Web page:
“Overall presence that he brings, being a professional in every aspect, you can kind of see that just from afar,” infielder Mike Borsseau noted. “I’m excited to learn more about him, how he handles himself, and what he’s done to get to where he’s at in his career, and to be on the teams that have done what they have done in the past. I think a lot of guys are latching on to him, hearing what it takes to get to where we want to be.”

Even as a five-year big leaguer, Brosseau looks to Smith with keen eyes, hoping to join him in lifting a trophy after coming two games short with Tampa Bay in 2020.

“There’s a lot of guys on this team that I still look up to,” Brosseau said. “Will Smith doesn’t need any explanation, with what he’s done in his career. Can’t speak enough about his resumé.”

His reputation may precede him, but to Quatraro, Smith is a part of that group of veterans expected to carry the crown strictly by what he does on the mound.

“Expectation is for them to be themselves,” Quatraro said. “We don’t expect them to be anything more than who they are. By doing that, they’re going to lead through example.”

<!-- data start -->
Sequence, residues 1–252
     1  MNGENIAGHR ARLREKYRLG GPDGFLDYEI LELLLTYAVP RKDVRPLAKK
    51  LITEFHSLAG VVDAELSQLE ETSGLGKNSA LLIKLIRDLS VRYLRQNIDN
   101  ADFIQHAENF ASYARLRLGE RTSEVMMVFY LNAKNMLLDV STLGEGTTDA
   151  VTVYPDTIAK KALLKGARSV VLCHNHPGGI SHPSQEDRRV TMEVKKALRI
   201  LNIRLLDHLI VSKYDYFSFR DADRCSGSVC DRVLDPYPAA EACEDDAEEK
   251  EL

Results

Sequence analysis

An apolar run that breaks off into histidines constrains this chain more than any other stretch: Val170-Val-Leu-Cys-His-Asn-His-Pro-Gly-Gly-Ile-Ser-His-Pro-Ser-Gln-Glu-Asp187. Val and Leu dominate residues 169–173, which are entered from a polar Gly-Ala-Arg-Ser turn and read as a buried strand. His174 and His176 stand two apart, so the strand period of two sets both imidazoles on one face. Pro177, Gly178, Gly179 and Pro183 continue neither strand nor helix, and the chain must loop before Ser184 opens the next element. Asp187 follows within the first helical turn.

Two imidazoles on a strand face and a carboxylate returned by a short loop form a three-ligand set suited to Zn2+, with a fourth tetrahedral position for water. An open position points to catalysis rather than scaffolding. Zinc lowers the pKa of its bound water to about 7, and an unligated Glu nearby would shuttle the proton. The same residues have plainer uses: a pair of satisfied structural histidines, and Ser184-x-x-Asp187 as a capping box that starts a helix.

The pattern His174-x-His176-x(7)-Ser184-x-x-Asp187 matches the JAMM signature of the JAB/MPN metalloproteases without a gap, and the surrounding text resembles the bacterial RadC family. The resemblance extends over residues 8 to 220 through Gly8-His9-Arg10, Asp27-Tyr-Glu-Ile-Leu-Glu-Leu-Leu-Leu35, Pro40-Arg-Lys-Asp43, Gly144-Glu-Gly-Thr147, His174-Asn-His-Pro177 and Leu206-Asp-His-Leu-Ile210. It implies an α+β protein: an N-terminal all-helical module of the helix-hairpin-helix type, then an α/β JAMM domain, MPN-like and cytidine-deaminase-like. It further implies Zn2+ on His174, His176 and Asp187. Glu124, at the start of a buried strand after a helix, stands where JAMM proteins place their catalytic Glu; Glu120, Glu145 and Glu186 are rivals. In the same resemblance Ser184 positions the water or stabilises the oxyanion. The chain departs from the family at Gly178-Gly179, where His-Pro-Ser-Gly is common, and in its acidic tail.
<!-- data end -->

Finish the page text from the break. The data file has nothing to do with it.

Although only in camp for a short time and having played for several different skippers, Smith has already conformed to his new manager’s views.

“I just try to be the same guy every day,” Smith said. “They can take what they want from it.”

With Smith as the headliner of the league’s fourth-most expensive free agent class, joining an exciting young core, hope is beginning to rear its head, as Fangraphs projects a 20-win jump from 2023 for the Royals. Even with that drastic improvement, 76 wins would presumably position Kansas City well outside of the playoff picture. Not unlike another overlooked franchise, Brosseau draws comparisons between these Royals and the 2020 Tampa Bay Rays, who stormed to an American League pennant despite the exact modest expectations, with their own mix of homegrown and honed-in players that brought Smith’s Rangers to the top last fall.

“It’s very similar (to Tampa Bay),” he said.

Sports Reporter, Phoenix

Scott Sandulli expects to graduate in May 2025 with a bachelor’s degree in sports journalism. Sandulli has interned as a staff writer for affiliates of Rivals and SB Nation